At this point of my career I have learned boundaries. I do find ways to grow as a nurse. For example; I participate in committees, attend conferences, take classes, precept, take on projects, etc.
However, I do have moments when I say "No." I learned this over time & with experience. (I went through a heavy "burnout" time period early on in my bedside career. 3 years in I was very "burned out," and I decided to make a change; this is when I took on my first travel assignment. That truly helped me rekindle my love for bedside!).
Now, I enjoy my bedside care, studying to become a Family Nurse Practitioner, instagramming, blogging, creating a new business, time with my husband, family & friends, working out, riding horses, beach time, skiing etc.
Find balance. That is my biggest pearl of wisdom.
If I go into the NICU will I lose all my skills?
Well, frankly Yes. Working in the Neonatal population is very different than any other unit. (We don’t do “BIG people”) Our vital signs, medications, priorities of care, etc. all ALL different. Truly any unit, clinic, hospitcal, community setting you go into will be unique in its own way.
There is no way to keep up with every skill (you only kind of learned) in nursing school or your home unit.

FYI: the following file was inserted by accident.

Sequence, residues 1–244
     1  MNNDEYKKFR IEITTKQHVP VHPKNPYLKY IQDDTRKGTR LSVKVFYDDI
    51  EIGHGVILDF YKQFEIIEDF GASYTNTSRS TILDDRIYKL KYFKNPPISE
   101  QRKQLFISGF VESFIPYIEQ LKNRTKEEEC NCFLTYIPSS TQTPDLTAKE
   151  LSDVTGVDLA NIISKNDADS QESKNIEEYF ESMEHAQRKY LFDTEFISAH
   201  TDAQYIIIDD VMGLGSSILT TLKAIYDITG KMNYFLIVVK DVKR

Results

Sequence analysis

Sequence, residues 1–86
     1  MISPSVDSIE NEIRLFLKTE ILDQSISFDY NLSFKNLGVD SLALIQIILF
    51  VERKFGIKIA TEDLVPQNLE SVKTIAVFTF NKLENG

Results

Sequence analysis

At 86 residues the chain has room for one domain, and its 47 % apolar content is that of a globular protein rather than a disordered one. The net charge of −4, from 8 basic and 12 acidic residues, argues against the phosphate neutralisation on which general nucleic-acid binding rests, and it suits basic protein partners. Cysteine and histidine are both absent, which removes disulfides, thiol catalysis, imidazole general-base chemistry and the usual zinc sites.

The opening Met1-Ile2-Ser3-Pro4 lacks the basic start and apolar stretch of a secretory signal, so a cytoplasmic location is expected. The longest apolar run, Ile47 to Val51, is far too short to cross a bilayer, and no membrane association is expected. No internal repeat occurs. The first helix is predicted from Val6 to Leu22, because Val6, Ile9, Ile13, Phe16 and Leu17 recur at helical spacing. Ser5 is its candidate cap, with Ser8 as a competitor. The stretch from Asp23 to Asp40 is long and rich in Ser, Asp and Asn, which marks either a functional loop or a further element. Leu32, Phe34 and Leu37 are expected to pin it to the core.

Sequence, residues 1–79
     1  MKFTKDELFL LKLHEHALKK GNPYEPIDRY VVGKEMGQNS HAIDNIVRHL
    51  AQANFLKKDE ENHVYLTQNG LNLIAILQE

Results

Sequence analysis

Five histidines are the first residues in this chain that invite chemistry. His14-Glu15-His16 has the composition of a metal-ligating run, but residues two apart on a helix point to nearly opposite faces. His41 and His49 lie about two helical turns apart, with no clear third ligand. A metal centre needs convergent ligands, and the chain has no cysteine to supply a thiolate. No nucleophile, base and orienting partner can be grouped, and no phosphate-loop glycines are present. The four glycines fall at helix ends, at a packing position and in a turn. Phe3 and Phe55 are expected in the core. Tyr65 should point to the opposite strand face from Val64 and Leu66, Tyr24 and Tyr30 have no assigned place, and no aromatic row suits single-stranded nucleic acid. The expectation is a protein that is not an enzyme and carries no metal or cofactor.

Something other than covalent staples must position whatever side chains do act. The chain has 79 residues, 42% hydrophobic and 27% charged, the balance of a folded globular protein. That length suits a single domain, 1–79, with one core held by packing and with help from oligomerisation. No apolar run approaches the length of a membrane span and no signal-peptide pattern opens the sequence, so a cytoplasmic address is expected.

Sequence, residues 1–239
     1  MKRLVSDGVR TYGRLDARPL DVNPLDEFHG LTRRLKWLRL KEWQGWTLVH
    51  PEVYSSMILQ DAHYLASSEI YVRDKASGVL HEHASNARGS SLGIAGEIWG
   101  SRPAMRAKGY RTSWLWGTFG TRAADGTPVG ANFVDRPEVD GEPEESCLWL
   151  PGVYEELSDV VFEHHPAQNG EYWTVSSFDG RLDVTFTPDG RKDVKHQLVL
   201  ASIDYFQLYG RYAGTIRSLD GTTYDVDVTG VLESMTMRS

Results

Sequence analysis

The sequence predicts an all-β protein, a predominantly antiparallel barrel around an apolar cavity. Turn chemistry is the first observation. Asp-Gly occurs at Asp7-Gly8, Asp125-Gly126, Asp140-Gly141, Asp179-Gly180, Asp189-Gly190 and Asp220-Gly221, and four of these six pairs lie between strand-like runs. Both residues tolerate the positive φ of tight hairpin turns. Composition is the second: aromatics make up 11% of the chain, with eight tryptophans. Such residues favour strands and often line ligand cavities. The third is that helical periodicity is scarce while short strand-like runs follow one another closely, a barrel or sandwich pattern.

But the beauty of nursing is you can always try something else! As of now, I am currently relearning so many things in my Family Nurse Practitioner's program! It is exciting to relearn about patient populations and update skills!
If you decide you want to move on & try something new you can! Just because you "lost" your skill doesn't mean you can't learn it back. Nursing is like riding a bike. You just get back on and try it again.
Do I need to start in Med Surg first & then work in NICU?
NO!! This is another question I get quite often.You DO NOT NEED to work on the floors first! ICU vs Med Surg nursing are very different skill sets.
After venturing the Los Angeles & Orange County CA areas, I can confidently say nursing is becoming more and more boutique, with specialized care. Therefore, if you know you want to go into the Neonatal Population (or any specialty for that matter), “DO IT!”
This being said, it is a very competative market out there. It is often difficult to land your first job in a NICU Nurse Residency program. If you find yourself unable to land your first job there I have two pieces of advice.
A FEW TIPS:
1. First, embrace your journey! Everyone's path is different. Who knows where your personal nurse journey will lead you.
2. If you work for a while & find yourself miserable, take time to spruce up your resume & portfolio; research Nurse Transition programs or Fellowships & make some changes.
3. You may have to move or consider a life change but it is dueable.
HECK OUT OUR PRODUCTS & RESOURCES TO HELP YOU LAND THAT DREAM JOB!
I want to be a NICU nurse but don’t know where to start?!
- Get your Bachelors of Science of Nursing (BSN)
Research Hospitals with New Graduate or Nurse Residency Programs
Volunteer, Network, etc.
Spruce up that Portfolio & Resume
Practice Interviews (over & over & over)
Apply to NICU units in your unit & all over
Be open to new ideas and adventures!
CHECK OUT www.nursesaf.com (Resume Templates, Shift Checklists, etc)
Going from Adult unit into NICU any suggestions?